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how is the first equation found? – anon Aug 25 '10 at 6:33
First equality because $\tau_k^2=\tau_k \tau_{k+1}$. Second by the angle addition formula for tangent… – David Speyer Aug 25 '10 at 11:16
PS Nice answer! – David Speyer Aug 25 '10 at 11:17

alt text

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Since $D \tan(x) = 1 + \tan(x)^2$ and $\tan(\arctan(x)) = x$ we see that:

$$\begin{align} \tan(\arctan(x)) &= x \\ (1 + \tan(\arctan(x))^2 \cdot D \arctan(x) &= 1 \\ D \arctan(x) &= \frac{1}{(1 + x)^2} \\ \end{align}$$

So by the fundamental theorem of calculus we recover the integral.

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Again, this is a proof, but I do not see how it directly provides any intuition. – Qiaochu Yuan Aug 21 '10 at 8:20

The real answer I think involves complex numbers. Factor $1+x^2 = (i-x)(-i-x)$, decompose in partial fractions, get an expression involving logarithms that ends up being $\arctan x$ as described in

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This is a proof (one of my favorites), but I do not immediately see how it relates to the geometric definition of arctan, which I assume is what the OP is asking about. – Qiaochu Yuan Aug 21 '10 at 2:58
"Intuitively" does not mean "geometrically", does it? For me, explaining integrals in terms in logarithms is intuitive, but I'm not a first-year calculus student. :-) – lhf Aug 21 '10 at 11:45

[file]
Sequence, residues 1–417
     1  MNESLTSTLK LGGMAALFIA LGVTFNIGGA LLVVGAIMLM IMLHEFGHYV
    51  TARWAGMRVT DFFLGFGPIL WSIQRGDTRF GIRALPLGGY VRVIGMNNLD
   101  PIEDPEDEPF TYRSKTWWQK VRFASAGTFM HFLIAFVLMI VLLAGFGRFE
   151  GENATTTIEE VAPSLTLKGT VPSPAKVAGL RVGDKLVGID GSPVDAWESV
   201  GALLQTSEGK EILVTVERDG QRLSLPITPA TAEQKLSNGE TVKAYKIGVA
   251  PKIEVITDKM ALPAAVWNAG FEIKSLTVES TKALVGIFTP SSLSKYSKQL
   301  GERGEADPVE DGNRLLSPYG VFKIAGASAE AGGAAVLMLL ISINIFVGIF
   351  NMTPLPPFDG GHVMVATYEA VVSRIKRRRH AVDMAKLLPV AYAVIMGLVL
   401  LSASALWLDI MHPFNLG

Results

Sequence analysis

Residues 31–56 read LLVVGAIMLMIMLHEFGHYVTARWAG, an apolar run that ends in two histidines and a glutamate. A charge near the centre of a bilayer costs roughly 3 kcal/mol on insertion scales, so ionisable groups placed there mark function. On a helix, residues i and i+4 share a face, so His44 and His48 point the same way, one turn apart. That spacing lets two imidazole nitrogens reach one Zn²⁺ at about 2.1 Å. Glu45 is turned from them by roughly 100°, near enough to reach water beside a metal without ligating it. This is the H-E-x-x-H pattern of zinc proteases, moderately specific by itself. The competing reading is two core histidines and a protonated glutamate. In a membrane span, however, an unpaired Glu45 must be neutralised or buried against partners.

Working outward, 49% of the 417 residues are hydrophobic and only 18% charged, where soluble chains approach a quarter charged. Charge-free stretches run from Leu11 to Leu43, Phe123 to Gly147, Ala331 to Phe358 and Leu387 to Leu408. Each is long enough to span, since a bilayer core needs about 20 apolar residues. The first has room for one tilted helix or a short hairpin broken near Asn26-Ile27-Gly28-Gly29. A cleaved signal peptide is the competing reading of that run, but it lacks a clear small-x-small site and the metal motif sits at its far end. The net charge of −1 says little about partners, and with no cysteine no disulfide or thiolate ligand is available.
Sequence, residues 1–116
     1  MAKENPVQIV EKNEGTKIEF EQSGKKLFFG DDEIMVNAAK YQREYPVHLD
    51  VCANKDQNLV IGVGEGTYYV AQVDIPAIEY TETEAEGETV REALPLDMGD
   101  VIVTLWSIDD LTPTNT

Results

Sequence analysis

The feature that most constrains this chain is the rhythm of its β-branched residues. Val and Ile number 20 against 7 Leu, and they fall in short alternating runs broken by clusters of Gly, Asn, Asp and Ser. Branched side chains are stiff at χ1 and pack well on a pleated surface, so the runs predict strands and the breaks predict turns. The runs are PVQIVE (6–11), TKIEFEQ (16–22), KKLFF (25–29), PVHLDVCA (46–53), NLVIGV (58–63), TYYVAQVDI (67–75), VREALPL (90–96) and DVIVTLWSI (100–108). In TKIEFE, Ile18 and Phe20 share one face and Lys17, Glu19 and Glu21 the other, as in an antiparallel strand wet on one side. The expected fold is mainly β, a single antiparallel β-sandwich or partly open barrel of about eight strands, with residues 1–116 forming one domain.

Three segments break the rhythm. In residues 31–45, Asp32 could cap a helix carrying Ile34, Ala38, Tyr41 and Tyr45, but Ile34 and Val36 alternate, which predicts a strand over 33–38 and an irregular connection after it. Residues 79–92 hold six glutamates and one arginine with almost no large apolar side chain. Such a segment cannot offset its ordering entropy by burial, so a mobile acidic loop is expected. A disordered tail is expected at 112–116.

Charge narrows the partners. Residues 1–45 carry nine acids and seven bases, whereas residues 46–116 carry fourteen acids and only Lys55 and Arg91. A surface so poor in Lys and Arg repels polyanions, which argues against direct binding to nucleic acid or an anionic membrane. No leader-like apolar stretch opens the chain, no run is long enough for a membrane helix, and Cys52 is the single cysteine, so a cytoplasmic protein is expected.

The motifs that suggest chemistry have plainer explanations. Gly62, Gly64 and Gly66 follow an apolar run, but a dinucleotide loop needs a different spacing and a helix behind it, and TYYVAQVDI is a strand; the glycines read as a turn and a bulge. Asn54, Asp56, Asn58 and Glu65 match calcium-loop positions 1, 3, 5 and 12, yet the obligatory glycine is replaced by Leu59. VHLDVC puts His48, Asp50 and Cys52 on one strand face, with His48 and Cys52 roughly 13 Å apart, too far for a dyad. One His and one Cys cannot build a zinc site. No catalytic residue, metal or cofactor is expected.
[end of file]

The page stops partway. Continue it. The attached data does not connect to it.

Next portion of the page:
What I mean is, this is a general-purpose algorithm for obtaining the answer. But why would one expect the answer in this case to be arctan and not arctanh or some other expression involving logarithms? – Qiaochu Yuan Aug 21 '10 at 18:30

This was actually my question originally. To put the demand for intuitiveness in starker terms: what does the arc of a circle have to do with the area of a square and the operation of reciprocation?

If someone can show me a geometric figure with area $1 \over 1 + x^2$ that might be a good start.

Or, they can explain how this sequence

  1. Times a number by itself;
  2. Add one to it;
  3. Flip that result

leads to "a little bit of" circular arc.

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@Lao Tzu: have you read my answer? The 1/(1+x^2) term basically comes from the Pythagorean theorem, and it doesn't measure an area but an angle. – Qiaochu Yuan Aug 25 '10 at 14:34
I've read it, and it's a huge improvement but not all the way to where I want to go. Thanks for going into the geometric detail. – isomorphismes Aug 26 '10 at 6:42
One problem for me is that $\sin x \approx x$ is still too Taylor-y for me to explain to a fifth-grader. – isomorphismes Aug 26 '10 at 6:43
Also, why is it evident that $\Delta XOY$ has area $h \over 2$? Let $x=.0001$ for example. – isomorphismes Aug 26 '10 at 6:48
@Lao Tzu: sin x being approximately x is just the statement that a circle is approximately linear. More precisely, compare the length of a very small arc from (cos x, sin x) to (1, 0) where x is small with the length of the perpendicular from (cos x, sin x) to (cos x, 0). As for the triangle, take XY as the base of the triangle. (PS: in the future to ensure that I am notified of these comments you should begin them with @Qiaochu Yuan.) – Qiaochu Yuan Aug 29 '10 at 7:03